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Digital Games Tax Offset

Digital Games Tax Offset – Administration

The Digital Games Tax Offset will be administered by the Office for the Arts and the Australian Taxation Office (ATO), and will form part of the Income Tax Assessment Act 1997.

The Government will release exposure draft legislation for industry review and comment early in 2022. This exposure draft legislation will provide more detail about the operation of the Digital Games Tax Offset.

More Information:

 

What is a game developer?

A video game developer is a software developer specialising in video game development. A developer may specialise in a certain video game console (such as Nintendo’s Nintendo Switch, Microsoft’s Xbox One, Sony’s PlayStation 4), or may develop for a number of systems (including personal computers and mobile devices). Video game developers specialise in certain types of games (such as role-playing video games or first-person shooters). Some focus on porting games from one system to another, or translating games from one language to another. Less commonly, some do software development work in addition to games.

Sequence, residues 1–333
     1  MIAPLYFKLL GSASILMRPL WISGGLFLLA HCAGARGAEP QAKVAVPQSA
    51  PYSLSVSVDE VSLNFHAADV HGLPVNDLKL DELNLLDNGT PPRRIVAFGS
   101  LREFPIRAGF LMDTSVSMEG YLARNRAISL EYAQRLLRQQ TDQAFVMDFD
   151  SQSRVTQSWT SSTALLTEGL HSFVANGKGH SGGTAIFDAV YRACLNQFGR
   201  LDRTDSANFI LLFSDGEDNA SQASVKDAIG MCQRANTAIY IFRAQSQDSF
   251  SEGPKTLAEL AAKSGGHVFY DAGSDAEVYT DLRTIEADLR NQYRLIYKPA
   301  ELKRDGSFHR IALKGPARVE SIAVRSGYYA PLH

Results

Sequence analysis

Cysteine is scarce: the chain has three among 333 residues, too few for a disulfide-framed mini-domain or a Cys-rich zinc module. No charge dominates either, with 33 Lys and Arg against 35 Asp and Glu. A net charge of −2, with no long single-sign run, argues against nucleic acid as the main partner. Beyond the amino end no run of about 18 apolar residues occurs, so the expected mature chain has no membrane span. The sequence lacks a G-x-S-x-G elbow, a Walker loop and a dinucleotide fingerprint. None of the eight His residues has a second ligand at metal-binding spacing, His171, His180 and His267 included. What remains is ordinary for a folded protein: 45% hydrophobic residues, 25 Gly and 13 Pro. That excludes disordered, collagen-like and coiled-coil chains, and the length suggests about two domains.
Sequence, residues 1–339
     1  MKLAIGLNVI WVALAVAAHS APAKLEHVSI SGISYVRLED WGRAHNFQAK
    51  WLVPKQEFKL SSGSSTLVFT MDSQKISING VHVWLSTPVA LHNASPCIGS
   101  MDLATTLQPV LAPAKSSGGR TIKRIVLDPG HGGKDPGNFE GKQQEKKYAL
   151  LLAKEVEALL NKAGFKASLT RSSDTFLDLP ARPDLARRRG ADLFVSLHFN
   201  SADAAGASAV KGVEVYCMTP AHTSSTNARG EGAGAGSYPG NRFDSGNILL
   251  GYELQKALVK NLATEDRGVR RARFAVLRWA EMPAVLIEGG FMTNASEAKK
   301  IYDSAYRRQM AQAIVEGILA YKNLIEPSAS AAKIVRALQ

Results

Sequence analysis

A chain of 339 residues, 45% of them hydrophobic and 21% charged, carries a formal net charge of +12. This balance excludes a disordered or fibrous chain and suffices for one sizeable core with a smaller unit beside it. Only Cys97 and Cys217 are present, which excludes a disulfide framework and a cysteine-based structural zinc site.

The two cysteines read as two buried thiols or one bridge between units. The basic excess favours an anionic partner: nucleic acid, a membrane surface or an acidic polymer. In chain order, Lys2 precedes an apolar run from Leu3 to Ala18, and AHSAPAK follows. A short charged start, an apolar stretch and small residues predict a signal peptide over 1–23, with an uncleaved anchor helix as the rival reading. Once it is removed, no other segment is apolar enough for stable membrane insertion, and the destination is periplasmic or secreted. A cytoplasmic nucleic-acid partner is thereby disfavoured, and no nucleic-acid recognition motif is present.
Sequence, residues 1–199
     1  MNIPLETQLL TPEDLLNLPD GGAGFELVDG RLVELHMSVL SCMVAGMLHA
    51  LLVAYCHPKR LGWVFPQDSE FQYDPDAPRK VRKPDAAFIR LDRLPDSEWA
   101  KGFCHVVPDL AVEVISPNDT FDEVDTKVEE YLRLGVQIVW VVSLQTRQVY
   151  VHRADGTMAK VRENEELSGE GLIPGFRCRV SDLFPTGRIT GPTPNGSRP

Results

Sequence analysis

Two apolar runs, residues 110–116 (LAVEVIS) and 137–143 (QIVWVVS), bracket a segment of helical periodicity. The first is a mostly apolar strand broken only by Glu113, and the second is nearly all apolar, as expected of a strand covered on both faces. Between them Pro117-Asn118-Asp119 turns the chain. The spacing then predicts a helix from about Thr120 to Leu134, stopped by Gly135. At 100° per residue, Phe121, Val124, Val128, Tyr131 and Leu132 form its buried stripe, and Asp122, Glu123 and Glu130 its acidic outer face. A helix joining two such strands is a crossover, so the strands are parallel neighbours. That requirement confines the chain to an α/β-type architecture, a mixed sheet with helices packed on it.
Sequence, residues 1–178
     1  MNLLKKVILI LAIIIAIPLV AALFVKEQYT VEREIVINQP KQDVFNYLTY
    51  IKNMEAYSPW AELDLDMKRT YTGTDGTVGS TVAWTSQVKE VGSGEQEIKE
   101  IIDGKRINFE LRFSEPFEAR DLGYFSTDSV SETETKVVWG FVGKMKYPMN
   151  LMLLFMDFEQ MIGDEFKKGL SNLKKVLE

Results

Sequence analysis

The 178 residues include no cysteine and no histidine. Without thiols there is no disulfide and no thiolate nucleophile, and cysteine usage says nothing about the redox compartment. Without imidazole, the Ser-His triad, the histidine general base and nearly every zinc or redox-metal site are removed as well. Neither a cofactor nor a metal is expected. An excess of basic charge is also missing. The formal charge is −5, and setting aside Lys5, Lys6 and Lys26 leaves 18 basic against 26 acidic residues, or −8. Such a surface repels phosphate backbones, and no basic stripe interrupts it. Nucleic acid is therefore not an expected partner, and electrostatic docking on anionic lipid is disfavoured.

• First-party developers – In the video game industry, a first-party developer is part of a company which manufactures a video game console and develops exclusively for it. First-party developers may use the name of the company itself (such as Nintendo), have a specific division name (such as Sony’s Polyphony Digital) or have been an independent studio before being acquired by the console manufacturer (such as Rare or Naughty Dog).
  • Second-party developers – Second-party developer is a colloquial term often used by gaming enthusiasts and media to describe game studios who take development contracts from platform holders and develop games exclusive to that platform, i.e. a non-owned developer making games for a first-party company. As a balance to not being able to release their game for other platforms, second-party developers are usually offered higher royalty rates than third-party developers.
  • Third-party developers – A third-party developer may also publish games, or work for a video game publisher to develop a title. Both publisher and developer have considerable input in the game’s design and content. However, the publisher’s wishes generally override those of the developer.

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Digital Games Tax Offset